Midwestern artist Zoe Hawk explores the social constructions of femininity through her portrayals of adolescent girls on the verge of womanhood. Her narrative works resemble illustrations one might find in a children’s book, with her subjects playing the parts of sweet-natured schoolgirls, candy stripers, and girl scouts. Yet, as we begin to look beneath the surface, it becomes clear that things are not always as they appear.
“I like my paintings to seem sweet and playful at first glance,” the artist told Figure50, “but as you look closer they take on a more sinister quality. I want the viewer to be slightly unnerved.” Working primarily in oil and gouache, Hawk creates scenes that on the surface appear idyllic and controlled. The young girls are dressed in uniform, conveying the restrictiveness of their environments and the idealized femininity they are taught to adhere to. Within these larger scenarios, individual dramas unfold as the girls are caught in candid moments of mischief, rebellion, and internal conflict between the desire for individuality and societal pressures to conform. Like dolls in a dollhouse, the girls appear stuck within the confines of these various institutions.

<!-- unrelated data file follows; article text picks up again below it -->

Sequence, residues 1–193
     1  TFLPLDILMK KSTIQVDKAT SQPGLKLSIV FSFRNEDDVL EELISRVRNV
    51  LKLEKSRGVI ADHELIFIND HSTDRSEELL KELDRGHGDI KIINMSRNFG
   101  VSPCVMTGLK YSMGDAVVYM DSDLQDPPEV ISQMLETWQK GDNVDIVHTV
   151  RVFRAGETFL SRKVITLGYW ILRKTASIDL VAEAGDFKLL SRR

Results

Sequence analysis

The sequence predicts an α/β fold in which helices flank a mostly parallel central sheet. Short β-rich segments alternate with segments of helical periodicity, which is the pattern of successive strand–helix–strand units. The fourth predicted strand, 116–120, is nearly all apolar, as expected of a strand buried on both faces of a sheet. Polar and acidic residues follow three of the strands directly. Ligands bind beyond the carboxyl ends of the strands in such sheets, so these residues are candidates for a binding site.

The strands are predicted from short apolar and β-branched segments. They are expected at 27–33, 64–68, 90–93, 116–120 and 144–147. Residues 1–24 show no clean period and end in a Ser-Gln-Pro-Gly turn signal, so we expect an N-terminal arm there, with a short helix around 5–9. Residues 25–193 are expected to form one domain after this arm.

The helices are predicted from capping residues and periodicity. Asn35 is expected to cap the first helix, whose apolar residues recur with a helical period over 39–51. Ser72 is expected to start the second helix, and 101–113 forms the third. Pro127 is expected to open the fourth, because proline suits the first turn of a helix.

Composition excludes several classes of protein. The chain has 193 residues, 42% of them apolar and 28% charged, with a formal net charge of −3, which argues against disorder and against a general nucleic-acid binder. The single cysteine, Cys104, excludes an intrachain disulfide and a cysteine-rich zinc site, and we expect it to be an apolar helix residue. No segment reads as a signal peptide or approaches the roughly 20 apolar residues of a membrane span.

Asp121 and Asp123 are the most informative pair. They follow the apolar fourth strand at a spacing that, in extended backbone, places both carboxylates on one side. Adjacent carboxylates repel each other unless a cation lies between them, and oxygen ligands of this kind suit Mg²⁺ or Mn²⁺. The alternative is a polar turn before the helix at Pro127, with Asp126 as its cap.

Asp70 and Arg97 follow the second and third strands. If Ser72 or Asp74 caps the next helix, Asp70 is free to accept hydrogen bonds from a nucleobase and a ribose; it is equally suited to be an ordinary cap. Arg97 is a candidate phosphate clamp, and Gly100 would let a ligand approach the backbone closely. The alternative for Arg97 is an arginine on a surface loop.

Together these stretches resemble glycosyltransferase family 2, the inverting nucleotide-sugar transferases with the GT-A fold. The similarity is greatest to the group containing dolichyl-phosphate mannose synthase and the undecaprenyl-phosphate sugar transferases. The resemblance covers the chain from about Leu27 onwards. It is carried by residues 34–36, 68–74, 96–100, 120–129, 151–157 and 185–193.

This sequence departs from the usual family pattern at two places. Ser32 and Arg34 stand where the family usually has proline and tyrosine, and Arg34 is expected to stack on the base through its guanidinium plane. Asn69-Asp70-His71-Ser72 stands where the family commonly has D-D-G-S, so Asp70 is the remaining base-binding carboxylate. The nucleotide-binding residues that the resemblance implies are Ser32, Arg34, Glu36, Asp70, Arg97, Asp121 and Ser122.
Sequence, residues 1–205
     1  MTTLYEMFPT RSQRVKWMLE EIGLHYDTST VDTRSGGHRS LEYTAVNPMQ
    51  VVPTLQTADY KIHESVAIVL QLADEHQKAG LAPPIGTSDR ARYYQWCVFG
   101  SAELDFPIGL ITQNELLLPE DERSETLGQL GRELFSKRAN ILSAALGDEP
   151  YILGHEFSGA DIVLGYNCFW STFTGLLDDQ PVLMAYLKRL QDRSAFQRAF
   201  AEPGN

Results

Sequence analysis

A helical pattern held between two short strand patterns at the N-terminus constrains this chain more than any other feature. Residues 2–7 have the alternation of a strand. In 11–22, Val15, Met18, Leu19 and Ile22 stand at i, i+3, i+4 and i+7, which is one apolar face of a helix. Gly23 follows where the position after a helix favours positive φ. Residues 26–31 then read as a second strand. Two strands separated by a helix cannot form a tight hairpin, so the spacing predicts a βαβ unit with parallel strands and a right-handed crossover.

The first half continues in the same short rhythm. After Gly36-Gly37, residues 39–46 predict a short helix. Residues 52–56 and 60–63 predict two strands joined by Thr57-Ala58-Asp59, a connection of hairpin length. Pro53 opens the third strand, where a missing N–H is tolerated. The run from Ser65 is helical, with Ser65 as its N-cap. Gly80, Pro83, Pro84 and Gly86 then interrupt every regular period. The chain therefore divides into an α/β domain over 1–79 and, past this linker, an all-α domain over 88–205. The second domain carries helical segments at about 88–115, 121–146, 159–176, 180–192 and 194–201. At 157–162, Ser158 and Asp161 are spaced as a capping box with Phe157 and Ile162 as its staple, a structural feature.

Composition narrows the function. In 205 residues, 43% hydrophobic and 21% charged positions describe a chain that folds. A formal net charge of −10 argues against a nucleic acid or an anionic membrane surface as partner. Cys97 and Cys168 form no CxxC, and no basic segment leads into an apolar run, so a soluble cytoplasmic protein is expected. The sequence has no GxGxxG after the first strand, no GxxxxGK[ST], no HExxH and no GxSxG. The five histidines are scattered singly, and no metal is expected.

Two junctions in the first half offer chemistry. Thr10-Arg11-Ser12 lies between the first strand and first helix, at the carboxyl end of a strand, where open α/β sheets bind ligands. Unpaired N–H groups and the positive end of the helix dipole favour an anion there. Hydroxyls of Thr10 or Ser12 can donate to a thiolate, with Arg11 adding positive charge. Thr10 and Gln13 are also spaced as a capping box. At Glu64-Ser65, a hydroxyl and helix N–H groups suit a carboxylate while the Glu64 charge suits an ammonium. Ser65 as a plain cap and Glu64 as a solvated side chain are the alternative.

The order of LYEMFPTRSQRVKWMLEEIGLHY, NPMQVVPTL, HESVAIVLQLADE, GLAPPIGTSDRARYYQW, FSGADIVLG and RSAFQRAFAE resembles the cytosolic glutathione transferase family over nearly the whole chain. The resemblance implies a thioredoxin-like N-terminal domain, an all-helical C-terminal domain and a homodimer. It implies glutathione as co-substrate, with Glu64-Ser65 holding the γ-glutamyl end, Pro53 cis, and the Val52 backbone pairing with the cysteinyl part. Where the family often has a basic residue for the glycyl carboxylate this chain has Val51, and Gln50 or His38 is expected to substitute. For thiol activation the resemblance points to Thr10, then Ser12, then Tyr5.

Hawk was raised in St. Louis, Missouri in an artistic household (her father is an artist and painting professor) and began creating illustrated stories as a young girl. She notes the significance of feminism in her life and work, starting in her teenage years when her mother introduced her to Reviving Ophelia: Saving the Selves of Adolescent Girls by Mary Pipher. “This book was so important to me,” she told Figure50, “because it described real case studies of girls my age… as I at the same time was transitioning out of childhood and trying to come to grips with the harsh realities of womanhood in a sexist culture.”
Hawk’s work has been published in New American Paintings and The Oxford American. In 2016, she completed a residency at the Women’s Studio Workshop, where she produced new silkscreen prints that build upon her theme of young girls in conflict with our gendered society. Currently, Hawk lives in Doha, Qatar, where she is an instructor at the Virginia Commonwealth University’s Community Education Program.